When in the late 1980s Russian historians found the doors to their archives opening, their publishers no longer afraid of the censors and parts of their public ready for revelations, they first unmasked the crimes of Lenin and Stalin; then they began recovering the names of the victims of Soviet terror and analysing the machinery that had destroyed them. However, it was not until the end of the 1990s that historians were able to discover the more embarrassing story of how Stalin’s Russia had manipulated, murdered and enslaved the citizens of eastern and central Europe. The Russian authorities were especially reluctant to release documents about the Katyn murders of some 22,000 Polish officers (though today there are few gaps left in our knowledge). It was only in 2002 that four female specialists in eastern Europe – Tatiana Volokitina, Galina Murashko, Albina Noskova and T A Pokivailova (academic women in Russia are largely excluded from the historians’ high table, but may dine with the philologists) – published Moscow and Eastern Europe: The Establishment of Communist Regimes of the Soviet Type, a dense chronicle of the process by which Moscow between 1949 and 1953 wrung every advantage it could out of the Yalta agreement to ensure that all eastern Europe and much of central Europe came under totalitarian control.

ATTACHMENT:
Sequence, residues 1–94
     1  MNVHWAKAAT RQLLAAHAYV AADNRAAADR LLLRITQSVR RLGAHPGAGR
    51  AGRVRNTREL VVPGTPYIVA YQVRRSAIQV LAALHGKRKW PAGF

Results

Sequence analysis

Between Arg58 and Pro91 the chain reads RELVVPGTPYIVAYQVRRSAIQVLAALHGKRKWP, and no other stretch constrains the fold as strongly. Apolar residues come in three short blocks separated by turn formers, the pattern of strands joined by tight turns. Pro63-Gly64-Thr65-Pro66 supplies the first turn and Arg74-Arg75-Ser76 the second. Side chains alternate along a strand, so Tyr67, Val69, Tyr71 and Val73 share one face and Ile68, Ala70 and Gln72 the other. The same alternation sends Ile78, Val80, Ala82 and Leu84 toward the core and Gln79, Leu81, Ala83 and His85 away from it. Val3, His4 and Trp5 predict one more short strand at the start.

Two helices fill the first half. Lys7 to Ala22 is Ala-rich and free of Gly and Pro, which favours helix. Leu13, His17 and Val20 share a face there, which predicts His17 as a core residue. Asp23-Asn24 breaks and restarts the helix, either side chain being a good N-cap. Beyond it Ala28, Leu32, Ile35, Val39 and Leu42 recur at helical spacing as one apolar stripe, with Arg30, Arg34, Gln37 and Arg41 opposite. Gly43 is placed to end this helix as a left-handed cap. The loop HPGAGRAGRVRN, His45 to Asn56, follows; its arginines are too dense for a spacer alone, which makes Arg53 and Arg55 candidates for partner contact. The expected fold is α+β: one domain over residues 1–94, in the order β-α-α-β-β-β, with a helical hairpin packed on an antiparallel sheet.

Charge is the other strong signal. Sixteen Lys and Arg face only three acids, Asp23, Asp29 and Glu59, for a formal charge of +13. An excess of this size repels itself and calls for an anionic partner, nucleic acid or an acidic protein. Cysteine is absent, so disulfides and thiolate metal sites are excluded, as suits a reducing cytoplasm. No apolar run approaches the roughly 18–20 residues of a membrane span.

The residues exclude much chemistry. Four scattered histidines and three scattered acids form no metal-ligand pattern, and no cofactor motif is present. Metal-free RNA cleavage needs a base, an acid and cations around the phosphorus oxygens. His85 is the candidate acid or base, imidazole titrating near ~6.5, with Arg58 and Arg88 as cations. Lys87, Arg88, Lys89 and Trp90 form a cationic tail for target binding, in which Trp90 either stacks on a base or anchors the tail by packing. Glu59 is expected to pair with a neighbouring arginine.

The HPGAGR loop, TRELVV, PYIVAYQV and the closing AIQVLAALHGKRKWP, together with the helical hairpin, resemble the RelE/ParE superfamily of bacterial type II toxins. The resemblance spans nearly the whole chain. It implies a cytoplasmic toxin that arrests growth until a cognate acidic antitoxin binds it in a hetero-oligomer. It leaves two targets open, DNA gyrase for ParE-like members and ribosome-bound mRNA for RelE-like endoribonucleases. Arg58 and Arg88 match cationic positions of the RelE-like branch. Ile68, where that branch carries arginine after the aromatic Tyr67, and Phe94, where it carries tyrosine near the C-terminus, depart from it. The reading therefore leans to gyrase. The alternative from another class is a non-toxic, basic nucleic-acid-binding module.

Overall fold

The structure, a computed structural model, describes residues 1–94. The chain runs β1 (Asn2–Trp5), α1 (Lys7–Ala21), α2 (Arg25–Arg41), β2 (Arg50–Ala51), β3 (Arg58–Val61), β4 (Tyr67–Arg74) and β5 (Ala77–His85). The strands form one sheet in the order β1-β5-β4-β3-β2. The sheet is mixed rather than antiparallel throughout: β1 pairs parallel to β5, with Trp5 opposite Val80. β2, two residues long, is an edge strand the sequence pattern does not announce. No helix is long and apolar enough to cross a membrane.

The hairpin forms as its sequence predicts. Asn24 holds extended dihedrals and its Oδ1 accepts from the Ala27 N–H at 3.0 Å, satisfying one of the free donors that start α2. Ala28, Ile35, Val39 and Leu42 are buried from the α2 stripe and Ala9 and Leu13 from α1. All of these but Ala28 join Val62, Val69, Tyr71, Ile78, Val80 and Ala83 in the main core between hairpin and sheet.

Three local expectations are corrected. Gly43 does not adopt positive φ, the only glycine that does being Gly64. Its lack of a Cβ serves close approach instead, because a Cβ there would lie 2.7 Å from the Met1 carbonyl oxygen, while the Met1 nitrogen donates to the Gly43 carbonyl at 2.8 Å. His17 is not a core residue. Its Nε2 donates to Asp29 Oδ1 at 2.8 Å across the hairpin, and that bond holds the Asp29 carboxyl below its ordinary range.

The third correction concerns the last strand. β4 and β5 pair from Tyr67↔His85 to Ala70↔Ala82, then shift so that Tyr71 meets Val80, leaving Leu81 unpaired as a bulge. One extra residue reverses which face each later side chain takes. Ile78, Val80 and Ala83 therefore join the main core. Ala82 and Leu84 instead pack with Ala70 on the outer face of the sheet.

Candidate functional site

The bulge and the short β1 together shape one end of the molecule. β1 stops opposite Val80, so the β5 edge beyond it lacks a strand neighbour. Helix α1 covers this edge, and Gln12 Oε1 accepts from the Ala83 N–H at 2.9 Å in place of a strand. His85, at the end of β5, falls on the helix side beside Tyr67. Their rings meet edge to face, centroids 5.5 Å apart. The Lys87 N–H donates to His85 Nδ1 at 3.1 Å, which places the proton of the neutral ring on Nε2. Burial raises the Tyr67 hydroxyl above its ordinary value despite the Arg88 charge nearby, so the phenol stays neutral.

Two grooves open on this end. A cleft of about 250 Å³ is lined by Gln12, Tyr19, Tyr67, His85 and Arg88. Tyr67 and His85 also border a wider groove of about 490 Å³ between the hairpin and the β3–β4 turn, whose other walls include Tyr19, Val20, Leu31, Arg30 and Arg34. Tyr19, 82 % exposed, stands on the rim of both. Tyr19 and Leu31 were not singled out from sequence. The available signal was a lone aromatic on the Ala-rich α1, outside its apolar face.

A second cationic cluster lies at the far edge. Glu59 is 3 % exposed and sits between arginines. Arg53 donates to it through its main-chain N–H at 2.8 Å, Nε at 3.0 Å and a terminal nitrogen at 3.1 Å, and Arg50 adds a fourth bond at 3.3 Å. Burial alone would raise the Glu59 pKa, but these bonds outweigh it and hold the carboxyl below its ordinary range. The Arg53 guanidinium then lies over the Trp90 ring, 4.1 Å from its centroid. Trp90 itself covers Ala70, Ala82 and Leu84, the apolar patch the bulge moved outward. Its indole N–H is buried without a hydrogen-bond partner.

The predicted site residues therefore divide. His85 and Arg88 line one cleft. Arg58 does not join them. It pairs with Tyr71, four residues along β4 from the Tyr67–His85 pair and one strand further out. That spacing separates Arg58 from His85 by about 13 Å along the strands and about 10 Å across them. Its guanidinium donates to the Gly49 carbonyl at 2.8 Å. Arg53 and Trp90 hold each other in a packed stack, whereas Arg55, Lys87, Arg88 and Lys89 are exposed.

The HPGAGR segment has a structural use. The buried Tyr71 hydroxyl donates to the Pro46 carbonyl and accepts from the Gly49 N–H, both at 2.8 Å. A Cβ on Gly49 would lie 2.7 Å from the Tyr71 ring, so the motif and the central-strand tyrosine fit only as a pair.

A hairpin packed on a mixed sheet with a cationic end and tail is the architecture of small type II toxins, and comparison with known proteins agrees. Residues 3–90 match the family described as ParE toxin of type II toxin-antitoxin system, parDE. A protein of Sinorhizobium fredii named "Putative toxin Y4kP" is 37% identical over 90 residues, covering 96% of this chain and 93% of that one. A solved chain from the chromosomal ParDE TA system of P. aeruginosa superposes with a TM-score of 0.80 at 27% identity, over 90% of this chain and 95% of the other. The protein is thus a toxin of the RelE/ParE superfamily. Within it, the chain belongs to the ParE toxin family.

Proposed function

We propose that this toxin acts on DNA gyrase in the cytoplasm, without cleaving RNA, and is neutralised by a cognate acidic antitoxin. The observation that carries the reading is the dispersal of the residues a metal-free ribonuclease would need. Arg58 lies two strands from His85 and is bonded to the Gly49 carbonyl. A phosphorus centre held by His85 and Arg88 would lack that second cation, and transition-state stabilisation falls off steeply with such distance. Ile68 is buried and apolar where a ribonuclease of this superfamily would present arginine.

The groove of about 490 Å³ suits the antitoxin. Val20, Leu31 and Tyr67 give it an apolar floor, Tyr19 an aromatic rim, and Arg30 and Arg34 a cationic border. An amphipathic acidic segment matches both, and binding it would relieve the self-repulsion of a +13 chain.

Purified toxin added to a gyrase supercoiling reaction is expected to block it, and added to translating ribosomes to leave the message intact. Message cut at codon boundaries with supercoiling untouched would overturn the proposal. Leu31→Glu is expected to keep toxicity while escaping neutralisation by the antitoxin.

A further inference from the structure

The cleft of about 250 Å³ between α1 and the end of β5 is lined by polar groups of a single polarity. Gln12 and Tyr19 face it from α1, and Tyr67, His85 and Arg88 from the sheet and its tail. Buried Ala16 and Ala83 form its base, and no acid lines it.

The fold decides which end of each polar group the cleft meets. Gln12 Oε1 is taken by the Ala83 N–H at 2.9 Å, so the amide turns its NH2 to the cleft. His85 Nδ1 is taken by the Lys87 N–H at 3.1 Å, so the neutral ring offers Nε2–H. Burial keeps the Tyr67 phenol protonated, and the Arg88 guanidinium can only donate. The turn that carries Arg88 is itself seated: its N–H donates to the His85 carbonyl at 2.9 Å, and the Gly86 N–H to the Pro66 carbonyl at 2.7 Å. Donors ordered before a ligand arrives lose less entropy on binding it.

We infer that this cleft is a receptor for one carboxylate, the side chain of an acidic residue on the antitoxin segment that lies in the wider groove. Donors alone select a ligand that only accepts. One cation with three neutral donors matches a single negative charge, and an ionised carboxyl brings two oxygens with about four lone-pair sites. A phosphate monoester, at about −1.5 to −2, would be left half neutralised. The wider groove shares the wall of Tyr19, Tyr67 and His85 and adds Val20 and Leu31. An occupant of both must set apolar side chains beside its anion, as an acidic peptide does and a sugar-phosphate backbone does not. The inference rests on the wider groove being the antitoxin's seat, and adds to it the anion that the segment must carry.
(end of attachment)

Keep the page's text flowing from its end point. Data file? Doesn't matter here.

The process was well prepared: in the wake of the Red Army came the Soviet secret police, bringing with them puppet rulers, survivors of the required nationalities from Comintern. These Germans, Poles, Hungarians, Bulgarians and Czechs were in some way even more dehumanised and determined than their Stalinist masters: they